A woman has been freed on bail after a magistrate determined she won't stand trial for the murder of a Victorian father.
Magistrate Olivia Trumble on Thursday dismissed charges of murder and false imprisonment against Olivia McOrmond, 47, over the October 2017 death of 38-year-old Jade Goodwin.
Mr Goodwin's body was discovered in a shallow grave at Tyabb on the Mornington Peninsula on October 22, a week after he died at Hastings.
Prosecutors instead moved to have McOrmond charged with assisting offenders, and Ms Trumble committed her to stand trial on that charge.
McOrmond flashed a smile as the decision was handed down, and turned to comfort her friend Natalie Dalton, 37, who was committed to stand trial for Mr Goodwin's murder.
Both women will face the Supreme Court later this month alongside co-accused Brendan McDowall, 52, and Shane Heiberg, 35, who were committed for murder last month.
Dalton's lawyers sought to have her charges downgraded because she admitted helping dispose of Mr Goodwin's body, but Ms Trumble said she was satisfied there was enough evidence to commit for murder.
It's alleged Dalton arranged for McDowall and Heiberg to go to McOrmond's home to remove Mr Goodwin who had been living there but was no longer welcome.
Prosecutors said she did so understanding that Mr Goodwin would be seriously injured, backed by claims in her police interview that she expected Mr Goodwin would "cop a beating" and that he deserved one.
It's alleged he died after a "protracted assault" at the hands of McDowall and Heiberg.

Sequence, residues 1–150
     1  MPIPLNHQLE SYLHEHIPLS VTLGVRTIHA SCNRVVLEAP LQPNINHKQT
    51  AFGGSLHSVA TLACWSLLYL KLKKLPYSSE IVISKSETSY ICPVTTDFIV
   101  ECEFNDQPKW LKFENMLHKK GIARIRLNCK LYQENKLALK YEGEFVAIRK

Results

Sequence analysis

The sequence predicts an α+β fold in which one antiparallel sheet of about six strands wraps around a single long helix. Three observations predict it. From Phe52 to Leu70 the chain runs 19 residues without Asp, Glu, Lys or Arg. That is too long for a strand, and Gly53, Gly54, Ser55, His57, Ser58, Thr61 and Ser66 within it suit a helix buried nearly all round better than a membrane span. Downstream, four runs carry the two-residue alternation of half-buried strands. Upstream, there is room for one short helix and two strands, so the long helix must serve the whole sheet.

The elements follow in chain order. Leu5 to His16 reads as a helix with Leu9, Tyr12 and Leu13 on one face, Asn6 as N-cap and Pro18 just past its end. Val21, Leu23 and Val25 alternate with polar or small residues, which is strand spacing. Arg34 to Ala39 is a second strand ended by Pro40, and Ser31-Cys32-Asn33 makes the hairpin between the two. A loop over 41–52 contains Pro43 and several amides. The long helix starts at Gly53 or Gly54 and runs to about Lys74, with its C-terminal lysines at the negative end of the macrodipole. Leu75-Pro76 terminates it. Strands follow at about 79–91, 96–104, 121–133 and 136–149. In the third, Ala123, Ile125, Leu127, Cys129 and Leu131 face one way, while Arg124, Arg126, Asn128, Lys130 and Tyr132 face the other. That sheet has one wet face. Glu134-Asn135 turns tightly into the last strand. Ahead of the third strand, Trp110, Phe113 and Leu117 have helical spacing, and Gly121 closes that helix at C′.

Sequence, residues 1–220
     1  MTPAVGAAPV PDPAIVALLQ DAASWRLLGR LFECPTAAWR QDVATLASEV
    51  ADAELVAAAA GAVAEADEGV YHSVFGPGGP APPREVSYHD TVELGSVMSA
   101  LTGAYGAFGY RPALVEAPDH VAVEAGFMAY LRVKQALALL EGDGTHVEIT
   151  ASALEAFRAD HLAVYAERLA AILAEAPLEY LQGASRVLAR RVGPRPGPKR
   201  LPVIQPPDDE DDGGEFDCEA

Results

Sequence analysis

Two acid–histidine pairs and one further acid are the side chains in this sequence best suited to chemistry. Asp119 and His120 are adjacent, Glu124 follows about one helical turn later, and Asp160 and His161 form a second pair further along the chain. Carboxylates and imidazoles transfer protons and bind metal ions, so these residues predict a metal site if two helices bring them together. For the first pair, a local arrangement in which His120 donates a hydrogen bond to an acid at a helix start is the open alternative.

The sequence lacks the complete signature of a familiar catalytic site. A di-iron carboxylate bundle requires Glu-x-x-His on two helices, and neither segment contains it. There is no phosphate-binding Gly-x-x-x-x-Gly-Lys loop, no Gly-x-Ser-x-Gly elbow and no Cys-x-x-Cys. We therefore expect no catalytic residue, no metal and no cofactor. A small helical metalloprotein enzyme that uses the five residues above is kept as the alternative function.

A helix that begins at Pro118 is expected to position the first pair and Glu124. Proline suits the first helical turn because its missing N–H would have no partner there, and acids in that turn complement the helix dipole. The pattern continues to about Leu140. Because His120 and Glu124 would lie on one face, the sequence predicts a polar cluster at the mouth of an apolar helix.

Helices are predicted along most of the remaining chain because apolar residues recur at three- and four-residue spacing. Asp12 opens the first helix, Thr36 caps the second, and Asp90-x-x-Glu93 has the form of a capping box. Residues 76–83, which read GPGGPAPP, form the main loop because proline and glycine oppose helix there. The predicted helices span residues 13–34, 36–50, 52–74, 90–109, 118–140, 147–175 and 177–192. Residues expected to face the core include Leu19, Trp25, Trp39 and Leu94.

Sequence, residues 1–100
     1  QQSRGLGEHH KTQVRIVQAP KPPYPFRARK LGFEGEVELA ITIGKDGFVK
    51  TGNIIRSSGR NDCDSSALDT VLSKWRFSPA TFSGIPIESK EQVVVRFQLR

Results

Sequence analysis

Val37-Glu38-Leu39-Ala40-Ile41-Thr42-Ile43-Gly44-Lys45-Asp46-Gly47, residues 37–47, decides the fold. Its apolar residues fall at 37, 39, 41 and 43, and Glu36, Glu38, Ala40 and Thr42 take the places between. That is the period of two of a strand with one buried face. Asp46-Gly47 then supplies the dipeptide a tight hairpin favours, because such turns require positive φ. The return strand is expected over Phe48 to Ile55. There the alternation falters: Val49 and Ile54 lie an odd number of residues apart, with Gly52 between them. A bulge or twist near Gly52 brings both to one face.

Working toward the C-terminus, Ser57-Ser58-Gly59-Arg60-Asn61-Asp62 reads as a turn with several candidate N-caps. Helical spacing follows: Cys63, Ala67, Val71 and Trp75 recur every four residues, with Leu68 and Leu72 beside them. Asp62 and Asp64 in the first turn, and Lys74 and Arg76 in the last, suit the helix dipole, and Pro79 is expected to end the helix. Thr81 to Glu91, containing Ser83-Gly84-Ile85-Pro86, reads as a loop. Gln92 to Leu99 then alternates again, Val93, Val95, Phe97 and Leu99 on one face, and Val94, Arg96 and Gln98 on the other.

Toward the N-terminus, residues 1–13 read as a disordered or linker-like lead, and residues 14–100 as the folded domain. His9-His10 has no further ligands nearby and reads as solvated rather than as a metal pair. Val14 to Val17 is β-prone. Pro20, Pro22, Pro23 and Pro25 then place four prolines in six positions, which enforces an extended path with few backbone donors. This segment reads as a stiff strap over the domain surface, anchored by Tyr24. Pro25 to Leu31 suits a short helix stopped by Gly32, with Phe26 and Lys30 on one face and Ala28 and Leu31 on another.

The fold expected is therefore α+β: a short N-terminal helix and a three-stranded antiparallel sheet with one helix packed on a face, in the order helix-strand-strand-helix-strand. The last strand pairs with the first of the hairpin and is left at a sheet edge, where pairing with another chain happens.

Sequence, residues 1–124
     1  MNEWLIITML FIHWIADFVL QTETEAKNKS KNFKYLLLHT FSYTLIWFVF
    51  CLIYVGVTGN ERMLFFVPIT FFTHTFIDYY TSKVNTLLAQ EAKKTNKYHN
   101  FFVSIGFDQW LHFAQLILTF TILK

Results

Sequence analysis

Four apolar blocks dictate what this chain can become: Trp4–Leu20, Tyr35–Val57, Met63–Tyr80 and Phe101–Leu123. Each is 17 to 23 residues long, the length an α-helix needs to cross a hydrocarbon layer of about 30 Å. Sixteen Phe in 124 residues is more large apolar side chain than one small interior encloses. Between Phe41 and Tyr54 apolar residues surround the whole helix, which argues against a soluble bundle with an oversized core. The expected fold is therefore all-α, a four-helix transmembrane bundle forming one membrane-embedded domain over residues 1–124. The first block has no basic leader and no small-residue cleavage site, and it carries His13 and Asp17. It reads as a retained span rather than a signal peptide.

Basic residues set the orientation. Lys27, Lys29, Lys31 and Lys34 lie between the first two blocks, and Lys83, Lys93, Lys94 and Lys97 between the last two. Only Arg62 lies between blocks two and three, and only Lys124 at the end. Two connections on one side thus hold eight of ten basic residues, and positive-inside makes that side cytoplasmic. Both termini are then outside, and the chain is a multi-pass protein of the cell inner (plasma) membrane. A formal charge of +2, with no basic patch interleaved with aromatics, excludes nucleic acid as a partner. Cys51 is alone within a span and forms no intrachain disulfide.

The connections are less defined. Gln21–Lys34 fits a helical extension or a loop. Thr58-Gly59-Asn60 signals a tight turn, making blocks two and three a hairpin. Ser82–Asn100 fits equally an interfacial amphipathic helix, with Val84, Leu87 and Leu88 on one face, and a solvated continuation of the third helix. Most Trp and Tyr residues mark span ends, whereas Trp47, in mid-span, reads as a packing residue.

A forensic examiner was unable to determine Mr Goodwin's cause of death, but said ligatures were found around his neck.
It had been alleged that a text message sent by McOrmond to Dalton claiming Mr Goodwin would be "gone soon" could be inferred as meaning he would die soon.
But Ms Trumble said that argument invited speculation and there was no evidence to support it meant anything more than he would be gone from her house.
The new charge against McOrmond alleges she provided linen used in the disposal of Mr Goodwin's body and that she cleaned up broken glass.
Ms Trumble agreed to release McOrmond on bail given the lack of strength in the prosecution case and the fact she has already served 84 days in custody.
With a trial not expected until the second half of 2019, she also noted that any sentence McOrmond could receive if convicted may be less than the time she'd spend in custody by then.